The most common fundamental feature of the websites was the inclusion of the 12-step guideline as a core program element, and spirituality as a main theme of how the program was to be interpreted and delivered. The 12 steps and 12 traditions (Multimedia Appendices 4 and 5) were present in 11 out of the 13 included websites. The 12-step guidelines have been adapted from their use in alcohol and drug addiction programs; however, the steps varied slightly in definition between the food addiction self-help groups. Moreover, 7 out of 11 websites stated their 12 steps using the term “food,” eg, participants would “admit they were powerless over food.” Furthermore, 2 websites included specific foods or nutrients including sugar, flour, and wheat; 1 website used the general terms “addictions and compulsive behaviors”; and 1 website did not state the wording of the 12 steps followed. The use of food plans was described in the majority of websites (n=9). In addition, 2 websites made the food plan available online. A total of 2 websites required financial commitment to their program before gaining access to the food plan. Moreover, 1 website required participants to purchase a book containing the food plan and 4 websites use food plans, but these only become available to participants when they commenced attendance at program meetings. Furthermore, 8 websites required participants to abstain from particular foods during program participation. The foods most commonly abstained from were sugar (n=5), flour (n=3), and wheat (n=2). A total of 3 websites did not specify which food to abstain from but reported some form of food abstinence was required. The remaining 5 websites stated sugar was to be abstained from and included combinations of either wheat, flour, grains, or “refined carbohydrates.” In all, 1 website required abstinence specifically from sweeteners including natural (eg, stevia) and artificial (eg, aspartame), as opposed to sugar. Peer support was obligatory in 6 of the 13 websites with sponsorship by other members required to participate in the program. Moreover, 11 websites stated spirituality as a main theme of their program.

Table 4. Website extraction data (websites 7-13).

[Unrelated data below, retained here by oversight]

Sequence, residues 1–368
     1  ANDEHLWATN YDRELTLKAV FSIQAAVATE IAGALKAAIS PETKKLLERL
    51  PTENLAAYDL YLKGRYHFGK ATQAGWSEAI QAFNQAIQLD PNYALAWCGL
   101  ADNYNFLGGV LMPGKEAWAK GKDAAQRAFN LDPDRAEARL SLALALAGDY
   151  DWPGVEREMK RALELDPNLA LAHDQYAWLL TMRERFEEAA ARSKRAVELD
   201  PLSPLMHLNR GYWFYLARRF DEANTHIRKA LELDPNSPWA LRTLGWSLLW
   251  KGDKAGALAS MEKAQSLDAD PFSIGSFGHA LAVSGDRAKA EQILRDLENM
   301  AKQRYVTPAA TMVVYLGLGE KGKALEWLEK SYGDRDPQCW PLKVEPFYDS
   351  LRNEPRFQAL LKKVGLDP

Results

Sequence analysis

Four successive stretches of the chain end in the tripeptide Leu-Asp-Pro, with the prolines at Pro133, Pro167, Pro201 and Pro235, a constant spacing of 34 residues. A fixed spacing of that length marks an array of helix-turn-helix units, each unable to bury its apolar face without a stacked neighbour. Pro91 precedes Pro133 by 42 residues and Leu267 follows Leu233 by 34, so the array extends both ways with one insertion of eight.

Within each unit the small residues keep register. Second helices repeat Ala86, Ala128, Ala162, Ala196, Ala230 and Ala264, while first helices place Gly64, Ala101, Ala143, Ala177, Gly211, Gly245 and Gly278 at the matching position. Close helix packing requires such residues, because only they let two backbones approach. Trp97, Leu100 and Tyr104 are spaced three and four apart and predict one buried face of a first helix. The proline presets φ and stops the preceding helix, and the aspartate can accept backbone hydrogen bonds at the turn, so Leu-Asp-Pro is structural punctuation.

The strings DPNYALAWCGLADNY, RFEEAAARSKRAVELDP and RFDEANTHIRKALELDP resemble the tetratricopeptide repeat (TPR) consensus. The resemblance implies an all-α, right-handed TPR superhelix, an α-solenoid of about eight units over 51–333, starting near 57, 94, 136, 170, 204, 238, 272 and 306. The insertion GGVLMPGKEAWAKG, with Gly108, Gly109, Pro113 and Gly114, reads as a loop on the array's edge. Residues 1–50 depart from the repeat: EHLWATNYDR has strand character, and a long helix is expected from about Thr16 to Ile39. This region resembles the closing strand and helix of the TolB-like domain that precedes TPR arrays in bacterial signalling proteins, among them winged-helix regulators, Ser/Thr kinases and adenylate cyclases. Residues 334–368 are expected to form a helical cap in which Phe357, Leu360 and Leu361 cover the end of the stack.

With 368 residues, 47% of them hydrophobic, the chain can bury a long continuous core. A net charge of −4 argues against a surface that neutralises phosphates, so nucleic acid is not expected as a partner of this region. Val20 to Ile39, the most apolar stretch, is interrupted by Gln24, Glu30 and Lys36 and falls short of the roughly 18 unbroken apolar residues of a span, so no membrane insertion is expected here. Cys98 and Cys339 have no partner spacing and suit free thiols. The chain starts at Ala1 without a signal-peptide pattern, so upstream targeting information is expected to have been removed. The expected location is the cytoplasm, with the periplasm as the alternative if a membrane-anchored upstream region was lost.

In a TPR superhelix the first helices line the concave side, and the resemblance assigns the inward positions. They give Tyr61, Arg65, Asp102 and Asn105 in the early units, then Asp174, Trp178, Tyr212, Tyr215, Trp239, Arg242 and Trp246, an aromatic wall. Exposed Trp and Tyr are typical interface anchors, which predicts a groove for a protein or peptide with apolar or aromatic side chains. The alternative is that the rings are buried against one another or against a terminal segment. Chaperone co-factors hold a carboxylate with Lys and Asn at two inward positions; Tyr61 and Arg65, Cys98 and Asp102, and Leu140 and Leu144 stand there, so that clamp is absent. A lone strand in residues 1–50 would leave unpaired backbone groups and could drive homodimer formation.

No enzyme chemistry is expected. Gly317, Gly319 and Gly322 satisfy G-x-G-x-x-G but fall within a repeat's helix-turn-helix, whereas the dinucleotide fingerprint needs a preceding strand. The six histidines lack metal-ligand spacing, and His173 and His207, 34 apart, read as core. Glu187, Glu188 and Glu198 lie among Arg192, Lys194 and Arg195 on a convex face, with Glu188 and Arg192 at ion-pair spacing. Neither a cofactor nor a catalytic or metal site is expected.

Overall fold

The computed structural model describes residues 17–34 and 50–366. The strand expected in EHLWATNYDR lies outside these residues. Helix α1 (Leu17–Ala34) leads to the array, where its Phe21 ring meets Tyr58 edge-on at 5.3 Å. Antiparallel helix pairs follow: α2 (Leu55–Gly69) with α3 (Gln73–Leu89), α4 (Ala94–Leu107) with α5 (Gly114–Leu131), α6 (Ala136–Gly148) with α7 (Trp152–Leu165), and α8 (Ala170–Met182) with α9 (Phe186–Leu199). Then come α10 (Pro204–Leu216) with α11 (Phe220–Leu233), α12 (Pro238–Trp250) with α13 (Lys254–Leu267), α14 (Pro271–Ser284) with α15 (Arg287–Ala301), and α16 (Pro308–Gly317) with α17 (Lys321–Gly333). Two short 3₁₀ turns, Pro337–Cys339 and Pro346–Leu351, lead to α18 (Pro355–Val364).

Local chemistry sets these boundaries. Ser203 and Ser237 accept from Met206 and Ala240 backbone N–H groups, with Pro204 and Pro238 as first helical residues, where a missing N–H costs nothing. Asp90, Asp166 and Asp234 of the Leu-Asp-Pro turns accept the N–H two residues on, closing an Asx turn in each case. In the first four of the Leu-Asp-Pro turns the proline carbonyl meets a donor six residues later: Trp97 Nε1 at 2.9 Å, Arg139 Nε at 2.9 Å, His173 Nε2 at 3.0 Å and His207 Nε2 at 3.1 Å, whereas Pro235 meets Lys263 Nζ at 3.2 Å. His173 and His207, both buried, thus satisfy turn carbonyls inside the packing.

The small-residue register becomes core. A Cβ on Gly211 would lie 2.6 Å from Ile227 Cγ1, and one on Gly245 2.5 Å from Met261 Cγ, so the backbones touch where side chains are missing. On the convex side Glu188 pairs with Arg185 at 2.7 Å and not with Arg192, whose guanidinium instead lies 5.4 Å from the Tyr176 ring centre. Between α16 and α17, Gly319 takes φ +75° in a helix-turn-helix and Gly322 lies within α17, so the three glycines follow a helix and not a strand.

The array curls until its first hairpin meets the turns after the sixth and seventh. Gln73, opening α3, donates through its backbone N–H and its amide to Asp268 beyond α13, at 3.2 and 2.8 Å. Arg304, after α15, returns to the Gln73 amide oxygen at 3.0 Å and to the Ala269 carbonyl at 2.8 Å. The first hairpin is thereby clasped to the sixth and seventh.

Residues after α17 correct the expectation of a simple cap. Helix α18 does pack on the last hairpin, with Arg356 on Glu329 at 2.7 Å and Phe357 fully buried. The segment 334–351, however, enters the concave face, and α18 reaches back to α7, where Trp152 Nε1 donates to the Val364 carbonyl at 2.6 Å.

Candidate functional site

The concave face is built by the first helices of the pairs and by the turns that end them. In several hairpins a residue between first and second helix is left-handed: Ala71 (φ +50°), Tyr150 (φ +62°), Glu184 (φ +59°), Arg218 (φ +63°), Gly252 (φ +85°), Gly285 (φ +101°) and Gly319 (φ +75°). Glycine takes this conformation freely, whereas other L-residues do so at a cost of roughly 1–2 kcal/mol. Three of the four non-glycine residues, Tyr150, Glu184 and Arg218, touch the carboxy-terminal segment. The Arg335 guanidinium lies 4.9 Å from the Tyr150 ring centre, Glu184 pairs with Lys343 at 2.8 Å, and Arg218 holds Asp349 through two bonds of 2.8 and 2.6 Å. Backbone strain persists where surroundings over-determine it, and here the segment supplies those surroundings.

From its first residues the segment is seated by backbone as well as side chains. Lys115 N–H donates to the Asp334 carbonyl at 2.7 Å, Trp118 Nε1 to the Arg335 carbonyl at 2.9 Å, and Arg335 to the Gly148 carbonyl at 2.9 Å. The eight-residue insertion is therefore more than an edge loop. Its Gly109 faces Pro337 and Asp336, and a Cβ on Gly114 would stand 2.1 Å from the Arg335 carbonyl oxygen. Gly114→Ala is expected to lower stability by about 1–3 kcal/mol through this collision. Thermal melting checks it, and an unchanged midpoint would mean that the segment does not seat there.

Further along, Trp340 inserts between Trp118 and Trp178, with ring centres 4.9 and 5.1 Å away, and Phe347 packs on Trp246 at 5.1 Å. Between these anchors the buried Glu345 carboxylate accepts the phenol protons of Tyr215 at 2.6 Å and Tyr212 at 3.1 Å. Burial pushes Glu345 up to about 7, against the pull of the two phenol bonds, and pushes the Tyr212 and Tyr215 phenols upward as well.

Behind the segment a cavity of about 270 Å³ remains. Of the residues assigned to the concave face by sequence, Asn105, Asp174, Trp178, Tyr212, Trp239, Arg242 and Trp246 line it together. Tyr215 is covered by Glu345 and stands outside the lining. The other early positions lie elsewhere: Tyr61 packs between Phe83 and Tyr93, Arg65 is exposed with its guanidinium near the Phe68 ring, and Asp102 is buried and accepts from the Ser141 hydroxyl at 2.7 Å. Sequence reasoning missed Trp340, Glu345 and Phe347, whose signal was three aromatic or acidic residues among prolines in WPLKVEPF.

Website featuresWebsite 7 [44]Website 8 [45]Website 9 [46]Website 10 [47]Website 11 [48]Website 12 [49]Website 13 [50]
Member numbersN/AaN/AN/AN/AN/AN/AN/A
Establishment yearN/A2000N/AN/AN/AN/AN/A
Country of originUnited StatesUnited StatesUnited StatesUnited StatesUnited StatesUnited StatesUnited States
12 steps/traditions
Food plans
Abstinence from foods
Spirituality based
Involvement of health professionals
Face-to-face meetings
Phone meetings
Online meetings
Social media closed groups

aN/A=Information not available on website.

b✓ indicates information was provided on website.

c✗ indicates information was not provided on website.

Mode of Delivery

The most frequently used mode of delivery among the programs was phone meetings between participant and group leaders or counselors, with 12 out of the 13 programs opting for this type of delivery. The frequency of phone meetings differed greatly between the 12 groups with phone meeting occurring daily (n=5), 6 times per week (n=1), 4 times per week (n=3), once per week (n=1), or phone meetings were held only with the individual at a time convenient to the individual (n=2). For group phone meetings, participants are provided with a phone number, and a specific time to call the number, to join the meeting. The times of the phone meetings varied with 9 websites not specifying the length of their phone meetings. Moreover, 1 website stated their phone meetings were 60 min in length, 1 website specified a length of 30 min, and another website stated that their phone meetings vary anywhere from 60, 75, and 90 min to an unspecified length of time. The content and structure of phone meetings was reported by 5 websites, with content and structure not reported, and therefore unclear for 7 websites. A total of 7 websites stated face-to-face delivery of meetings, the most common places for meetings were at religious facilities, such as churches or community centers. The least frequent was group online meetings, with 4 programs choosing this type of delivery.